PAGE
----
A Dukes A colon cancer is confined to the muscular lining of the intestinal wall. A Dukes B cancer is one in which the cancer has grown beyond the muscular layer of the bowel wall, and a Dukes C colon cancer has spread to involve the lymph nodes.
The TNM classification classifies colon cancers in a more precise fashion. "T" represents tumor and a cancer is placed in one of seven groups depending on the depth of cancer invasion into the bowel wall. "N" stands for lymph node and a tumor is given a "N" ranking according to whether the cancer has spread to the lymph nodes and how many lymph nodes that are involved. The "M" relates to whether there is cancer spread to other organs distant from the colon and lymph nodes. Once a particular colon cancer is given a TNM classification it can then be staged.
Generally, a stage I cancer is one in which the tumor is confined to the bowel wall, similar to a Dukes A lesion. A stage II cancer is one in which the cancer has grown beyond the muscular layer of the bowel wall similar to a Dukes B lesion. A stage III colon cancer is one in which there has been spread to lymph nodes which would generally correlate with a Dukes C cancer. A stage IV colon cancer is one in which there is spread to distant organs.
Staging of colon cancers is useful in predicting the probability of the cancer recurring after surgical removal. It also helps in determining whether chemotherapy may be helpful in preventing or decreasing the likelihood of a cancer recurrence. Stage I cancers have a survival rate of 80-95 percent. Stage II tumors have survival rates ranging from 55 to 80 percent. A stage III colon cancer has about a 40 percent chance of cure and a patient with a stage IV tumor has only a 10 percent chance of a cure.
Chemotherapy is used after surgery in many colon cancers which are stage II, III, and IV as it has been shown that it increases the survival rates. This is not the case in stage I cancers, and therefore chemotherapy is rarely used in this setting. The vast majority of stage I cancers are cured with surgery alone.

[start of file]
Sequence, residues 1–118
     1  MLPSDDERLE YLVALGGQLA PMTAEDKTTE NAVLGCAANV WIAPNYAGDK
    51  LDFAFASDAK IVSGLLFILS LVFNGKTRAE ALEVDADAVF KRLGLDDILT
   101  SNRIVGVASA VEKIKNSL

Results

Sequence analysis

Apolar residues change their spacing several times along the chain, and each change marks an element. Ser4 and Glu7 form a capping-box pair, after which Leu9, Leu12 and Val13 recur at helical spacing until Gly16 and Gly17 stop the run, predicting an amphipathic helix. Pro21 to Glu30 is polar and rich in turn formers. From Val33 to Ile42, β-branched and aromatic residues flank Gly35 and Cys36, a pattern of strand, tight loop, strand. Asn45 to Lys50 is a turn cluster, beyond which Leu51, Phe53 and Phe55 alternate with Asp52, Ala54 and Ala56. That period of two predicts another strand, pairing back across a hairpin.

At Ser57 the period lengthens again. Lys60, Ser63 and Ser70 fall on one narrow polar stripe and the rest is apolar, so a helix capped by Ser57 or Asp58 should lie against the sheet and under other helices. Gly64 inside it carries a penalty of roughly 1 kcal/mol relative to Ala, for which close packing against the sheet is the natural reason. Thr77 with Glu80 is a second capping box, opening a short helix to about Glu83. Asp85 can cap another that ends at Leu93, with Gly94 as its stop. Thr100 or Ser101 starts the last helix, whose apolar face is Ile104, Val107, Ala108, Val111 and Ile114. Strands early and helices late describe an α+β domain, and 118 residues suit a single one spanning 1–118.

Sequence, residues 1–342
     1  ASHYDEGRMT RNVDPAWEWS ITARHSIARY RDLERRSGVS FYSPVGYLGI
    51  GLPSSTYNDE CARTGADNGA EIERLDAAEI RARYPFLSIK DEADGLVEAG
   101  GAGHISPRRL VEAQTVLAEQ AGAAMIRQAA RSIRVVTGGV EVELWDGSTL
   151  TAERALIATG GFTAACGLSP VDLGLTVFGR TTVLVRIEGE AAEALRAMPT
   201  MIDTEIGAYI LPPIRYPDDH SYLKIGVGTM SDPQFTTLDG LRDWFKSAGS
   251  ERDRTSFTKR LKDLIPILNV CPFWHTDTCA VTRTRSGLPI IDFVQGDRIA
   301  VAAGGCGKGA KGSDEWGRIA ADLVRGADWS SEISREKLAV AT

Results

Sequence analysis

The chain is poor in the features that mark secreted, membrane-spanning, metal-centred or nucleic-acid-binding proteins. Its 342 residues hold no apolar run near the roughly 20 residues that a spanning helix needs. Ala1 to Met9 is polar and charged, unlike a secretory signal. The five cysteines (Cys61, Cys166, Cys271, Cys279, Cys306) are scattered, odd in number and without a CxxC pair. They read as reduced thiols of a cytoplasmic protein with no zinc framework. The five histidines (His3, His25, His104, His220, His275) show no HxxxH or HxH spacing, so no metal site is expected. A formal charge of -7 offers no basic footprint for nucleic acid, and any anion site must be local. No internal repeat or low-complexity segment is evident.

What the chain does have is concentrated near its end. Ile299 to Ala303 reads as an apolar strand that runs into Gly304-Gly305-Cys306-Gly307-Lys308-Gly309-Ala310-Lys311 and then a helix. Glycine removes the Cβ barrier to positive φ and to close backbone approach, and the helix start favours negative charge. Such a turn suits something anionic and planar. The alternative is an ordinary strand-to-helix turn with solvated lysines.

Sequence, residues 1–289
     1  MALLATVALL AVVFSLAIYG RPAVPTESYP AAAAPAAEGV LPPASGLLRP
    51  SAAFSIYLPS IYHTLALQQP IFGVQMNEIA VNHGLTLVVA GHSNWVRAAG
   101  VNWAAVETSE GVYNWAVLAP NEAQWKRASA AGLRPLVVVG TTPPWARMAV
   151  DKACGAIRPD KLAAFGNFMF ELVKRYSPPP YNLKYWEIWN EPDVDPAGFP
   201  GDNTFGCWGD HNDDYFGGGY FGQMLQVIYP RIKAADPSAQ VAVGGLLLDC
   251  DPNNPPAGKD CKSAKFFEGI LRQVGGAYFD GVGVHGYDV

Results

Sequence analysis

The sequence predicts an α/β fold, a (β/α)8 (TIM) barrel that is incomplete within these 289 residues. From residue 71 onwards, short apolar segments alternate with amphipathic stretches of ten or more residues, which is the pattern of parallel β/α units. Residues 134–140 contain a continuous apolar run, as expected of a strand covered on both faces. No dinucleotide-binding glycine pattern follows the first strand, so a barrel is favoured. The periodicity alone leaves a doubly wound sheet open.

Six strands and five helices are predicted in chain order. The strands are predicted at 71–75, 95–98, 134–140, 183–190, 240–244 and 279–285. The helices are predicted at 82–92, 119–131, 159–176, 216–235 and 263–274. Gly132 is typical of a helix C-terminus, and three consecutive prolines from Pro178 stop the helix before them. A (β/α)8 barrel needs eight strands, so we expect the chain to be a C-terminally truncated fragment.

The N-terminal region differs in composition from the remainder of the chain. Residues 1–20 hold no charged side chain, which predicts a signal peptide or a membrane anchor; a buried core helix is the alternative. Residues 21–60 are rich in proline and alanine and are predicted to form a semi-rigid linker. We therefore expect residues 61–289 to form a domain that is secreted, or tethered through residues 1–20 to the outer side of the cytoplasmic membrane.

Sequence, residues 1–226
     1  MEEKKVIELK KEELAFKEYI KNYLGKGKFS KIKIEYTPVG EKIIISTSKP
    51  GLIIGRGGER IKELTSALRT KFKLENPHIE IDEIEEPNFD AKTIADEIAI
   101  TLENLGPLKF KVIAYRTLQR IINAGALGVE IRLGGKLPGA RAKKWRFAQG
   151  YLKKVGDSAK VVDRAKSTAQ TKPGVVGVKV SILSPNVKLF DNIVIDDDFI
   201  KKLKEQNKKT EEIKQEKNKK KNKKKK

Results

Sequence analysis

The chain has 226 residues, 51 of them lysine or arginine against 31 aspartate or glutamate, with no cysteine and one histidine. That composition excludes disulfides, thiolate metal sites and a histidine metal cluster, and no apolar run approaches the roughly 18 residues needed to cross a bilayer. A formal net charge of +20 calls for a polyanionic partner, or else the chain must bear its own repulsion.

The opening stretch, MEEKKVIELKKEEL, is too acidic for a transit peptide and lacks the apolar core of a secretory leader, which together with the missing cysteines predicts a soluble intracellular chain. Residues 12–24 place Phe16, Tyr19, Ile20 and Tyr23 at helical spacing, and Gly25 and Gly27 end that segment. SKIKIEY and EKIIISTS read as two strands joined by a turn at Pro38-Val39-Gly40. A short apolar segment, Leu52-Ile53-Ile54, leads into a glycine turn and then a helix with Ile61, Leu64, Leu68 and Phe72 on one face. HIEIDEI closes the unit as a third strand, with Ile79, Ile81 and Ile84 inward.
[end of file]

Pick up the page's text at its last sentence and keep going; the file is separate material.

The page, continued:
Carcinoembryonic antigen or CEA is a protein which can be measured in the blood. In many colon cancers the CEA level is elevated. 50 percent of patients with stage II and III cancers have elevated CEA levels. After surgery, with a curative resection of the cancer the CEA should return to normal in one to four months.
After surgery, the CEA level can be periodically monitored. If the levels begin to rise above 6.0 ng/ml there is a high correlation of recurrence of the cancer. This is not an absolute, as other conditions can elevate the CEA level, including diverticulitis, pancreatitis, peptic ulcer disease, hepatitis, and smoking. If these other causes are excluded then one must look for recurrence of the cancer. Often this involves CAT scans of the abdomen. Many times the cancer has recurred in the liver. If there are relatively few lesions in the liver, a patient may be a candidate for removing these recurrent tumors. In most cases, there are so many lesions in the liver it makes their removal impossible.
In some cases the CEA may be rising, but the scans do not show a recurrent cancer. In this setting it is sometimes appropriate to reoperate and look inside the abdomen in hopes of finding a localized recurrent cancer which can be removed. It is not entirely clear yet whether this therapeutic approach actually increases survival. Further studies are needed to clarify this issue.
Colon cancer is a curable cancer if found early, and especially if it is diagnosed in a precancerous state such as a polyp. Although surgery and chemotherapy have improved cure rates for colon cancer, it should be the goal of physicians and patients to diagnose colon lesions before they become malignant. Therefore, yearly physical examinations, checking the stool for occult blood, sigmoidoscopy and colonoscopy are our best tools in preventing colon cancer.
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Last Editorial Review: 9/6/2001 6:40:00 AM